If what happens to you is that you have excess water, it will be necessary, on the one hand, to suspend the irrigation for a few days; and on the other, perform some anti-fungal treatment, since these microorganisms like very humid environments, and could seriously damage the lemon tree. In addition, if we have it in a pot, it will be highly advisable to remove it and wrap the root ball (roots) with absorbent paper for a day so that it has a better chance of recovering.
And finally, if you need nutrients, we will fertilize it with a citrus fertilizer following the instructions for use (get it here). But not only that: if the soil in which it is growing is alkaline, it will be very, very important that we continue to fertilize it with that product every spring and every summer, as this will prevent it from happening again.
By space we mean what you can have in a pot or in a garden. Trees grown in containers generally take longer to bear fruit than those grown on land. Likewise, if its roots have already occupied the entire pot, its growth will slow down and, also, the production of lemons will be delayed.
For this reason, If we have it in a pot, it is necessary that it be of an increasing size every so often (2-3 years). The lemon tree can be grown in a container and bear fruit without problem, but if it is too small, its yield will not be what we would like. Likewise, a suitable substrate must be put on it, like this one they sell here! for example.
If pests tend to attack it, it will take longer to bear fruit. The most common in lemon trees are: cottony mealybugs, aphids, leaf miners and spider mites. All of them, except the miners, are sap suckers, which are found on the underside of the leaves, especially in the tender ones. In the case of miners, what they do is dig tunnels inside the foliage, destroying it.
How to remove them? It is advisable to do it with products such as diatomaceous earth (for sale here!), potassium soap (for sale here!) or neem oil (for sale here!). These are natural, so they won’t harm the environment. But if we see that they have spread a lot, it is best to choose specific insecticides, such as these that you can find in the links: for the mealybugs, aphids, miners and for the No products found..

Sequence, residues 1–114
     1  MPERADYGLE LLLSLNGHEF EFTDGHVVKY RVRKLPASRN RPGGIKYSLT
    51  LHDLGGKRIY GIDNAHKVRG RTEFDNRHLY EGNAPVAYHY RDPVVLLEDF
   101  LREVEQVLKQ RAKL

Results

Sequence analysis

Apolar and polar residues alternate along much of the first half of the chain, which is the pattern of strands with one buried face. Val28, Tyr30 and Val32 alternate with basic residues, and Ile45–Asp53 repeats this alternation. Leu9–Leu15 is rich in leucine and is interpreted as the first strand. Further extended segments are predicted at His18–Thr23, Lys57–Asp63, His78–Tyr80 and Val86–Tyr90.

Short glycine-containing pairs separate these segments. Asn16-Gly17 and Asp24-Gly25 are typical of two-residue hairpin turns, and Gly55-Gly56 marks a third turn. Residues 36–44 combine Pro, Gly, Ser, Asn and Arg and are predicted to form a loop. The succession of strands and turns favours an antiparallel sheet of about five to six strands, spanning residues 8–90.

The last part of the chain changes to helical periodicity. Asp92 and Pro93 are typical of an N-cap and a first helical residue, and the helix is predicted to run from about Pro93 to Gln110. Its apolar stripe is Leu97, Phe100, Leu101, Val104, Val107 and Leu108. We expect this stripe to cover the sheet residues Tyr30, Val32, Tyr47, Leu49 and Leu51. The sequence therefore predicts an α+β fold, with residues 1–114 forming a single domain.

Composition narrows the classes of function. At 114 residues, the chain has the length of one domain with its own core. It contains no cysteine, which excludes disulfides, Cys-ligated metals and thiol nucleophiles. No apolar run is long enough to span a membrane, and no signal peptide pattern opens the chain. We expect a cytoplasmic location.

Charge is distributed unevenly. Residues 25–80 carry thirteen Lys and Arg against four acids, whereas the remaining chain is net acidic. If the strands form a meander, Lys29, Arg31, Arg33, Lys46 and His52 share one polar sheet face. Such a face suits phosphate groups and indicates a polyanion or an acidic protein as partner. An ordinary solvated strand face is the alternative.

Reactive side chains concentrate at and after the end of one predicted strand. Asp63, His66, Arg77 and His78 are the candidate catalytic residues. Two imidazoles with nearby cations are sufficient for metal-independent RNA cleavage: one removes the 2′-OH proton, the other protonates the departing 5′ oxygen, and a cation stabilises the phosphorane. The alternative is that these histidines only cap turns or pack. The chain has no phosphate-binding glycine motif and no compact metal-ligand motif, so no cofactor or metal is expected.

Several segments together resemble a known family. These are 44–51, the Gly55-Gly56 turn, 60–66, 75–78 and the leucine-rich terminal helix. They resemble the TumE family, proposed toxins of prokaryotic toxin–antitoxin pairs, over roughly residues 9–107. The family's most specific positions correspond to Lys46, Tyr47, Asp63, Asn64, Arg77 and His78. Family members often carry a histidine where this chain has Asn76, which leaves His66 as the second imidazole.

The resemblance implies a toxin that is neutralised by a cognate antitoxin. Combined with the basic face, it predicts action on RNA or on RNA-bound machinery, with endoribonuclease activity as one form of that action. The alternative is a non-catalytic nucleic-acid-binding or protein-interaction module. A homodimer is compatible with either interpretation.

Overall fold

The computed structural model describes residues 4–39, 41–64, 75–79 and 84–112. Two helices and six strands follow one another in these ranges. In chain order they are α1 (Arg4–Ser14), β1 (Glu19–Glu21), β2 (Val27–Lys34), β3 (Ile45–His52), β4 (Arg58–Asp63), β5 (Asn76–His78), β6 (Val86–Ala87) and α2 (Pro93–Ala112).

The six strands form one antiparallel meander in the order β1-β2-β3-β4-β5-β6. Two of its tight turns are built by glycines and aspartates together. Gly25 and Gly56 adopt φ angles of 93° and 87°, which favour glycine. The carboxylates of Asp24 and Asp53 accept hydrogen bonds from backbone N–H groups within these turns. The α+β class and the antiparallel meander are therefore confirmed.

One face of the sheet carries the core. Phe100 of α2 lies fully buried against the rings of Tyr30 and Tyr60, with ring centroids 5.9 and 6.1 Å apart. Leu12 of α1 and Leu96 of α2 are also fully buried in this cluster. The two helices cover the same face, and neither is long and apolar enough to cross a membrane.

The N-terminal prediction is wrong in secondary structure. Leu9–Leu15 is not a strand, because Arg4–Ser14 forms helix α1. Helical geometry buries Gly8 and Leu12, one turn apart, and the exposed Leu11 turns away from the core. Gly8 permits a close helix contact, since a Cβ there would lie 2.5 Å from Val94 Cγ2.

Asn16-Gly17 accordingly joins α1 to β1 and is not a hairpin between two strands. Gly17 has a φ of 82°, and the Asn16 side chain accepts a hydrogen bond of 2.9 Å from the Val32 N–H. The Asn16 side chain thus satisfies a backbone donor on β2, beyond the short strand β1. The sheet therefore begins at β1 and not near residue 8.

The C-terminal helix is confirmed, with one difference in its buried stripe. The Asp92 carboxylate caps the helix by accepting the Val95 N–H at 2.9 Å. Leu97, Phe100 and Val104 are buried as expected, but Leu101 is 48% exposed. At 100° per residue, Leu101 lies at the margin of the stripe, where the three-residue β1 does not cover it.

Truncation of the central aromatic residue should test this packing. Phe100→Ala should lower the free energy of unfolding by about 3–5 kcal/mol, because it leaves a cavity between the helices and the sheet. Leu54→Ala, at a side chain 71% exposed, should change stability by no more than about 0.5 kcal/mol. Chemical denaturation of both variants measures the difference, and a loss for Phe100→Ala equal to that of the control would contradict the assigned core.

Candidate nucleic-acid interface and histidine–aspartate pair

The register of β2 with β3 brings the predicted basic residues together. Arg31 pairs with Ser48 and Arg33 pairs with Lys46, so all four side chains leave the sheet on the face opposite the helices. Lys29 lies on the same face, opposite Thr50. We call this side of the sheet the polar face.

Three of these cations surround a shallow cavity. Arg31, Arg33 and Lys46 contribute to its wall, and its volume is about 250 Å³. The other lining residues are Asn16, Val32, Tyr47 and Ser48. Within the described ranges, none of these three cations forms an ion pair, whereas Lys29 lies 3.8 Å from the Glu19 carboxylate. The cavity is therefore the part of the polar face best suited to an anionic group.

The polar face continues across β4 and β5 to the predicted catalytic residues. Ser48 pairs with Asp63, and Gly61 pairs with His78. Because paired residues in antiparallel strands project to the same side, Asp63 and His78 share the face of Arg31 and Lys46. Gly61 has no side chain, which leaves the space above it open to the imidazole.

Lemon tree pests and diseases
When the lemon tree lives in very humid environments and / or when it is watered too much, it becomes vulnerable to certain diseases:
- alternariasis: it is a disease that is transmitted by the fungus Alternaria when the tree has too much water. The symptoms are similar to those of overwatering, namely: the leaves turn yellow, brown spots appear and finally fall.
- Penicillium: it is a fungus that causes the appearance of white spots with greenish tones on the rind of the fruits.
- Psoriasis: it is caused by a virus that causes shedding of the bark, sometimes also causing gum.
- Viruses and viroids: there are mainly two: the exocortis that causes the appearance of vertical cracks and scales on the trunk, as well as dwarfism; and the sadness virus that is transmitted by aphids and that causes premature leaf drop and weakening of the tree.
How to treat it? If the disease is caused by a fungus, then the tree must be treated with a fungicide.. An effective and natural one is copper (you can get it here!), which should be sprinkled around the trunk and watered. But if it is very weak, it is more advisable to opt for a chemical fungicide, such as this.
In the case of viruses, unfortunately nothing can be done, just uproot the affected tree and burn it.
What if nothing works?
If, no matter how much we take care of the lemon tree, it still does not bear fruit even though it is the right age, we can still do something else: fertilize it with a fertilizer that stimulates floweringthat is, the production of flowers. For example, this one they sell here! It is organic, so it can be used even in organic farming.
In the case of choosing to use it, we will have to stop fertilizing it with citrus fertilizersince otherwise we would be adding too much compost, and we could lose it.
Has it served you? I hope that with these tips your lemon tree will bear fruit.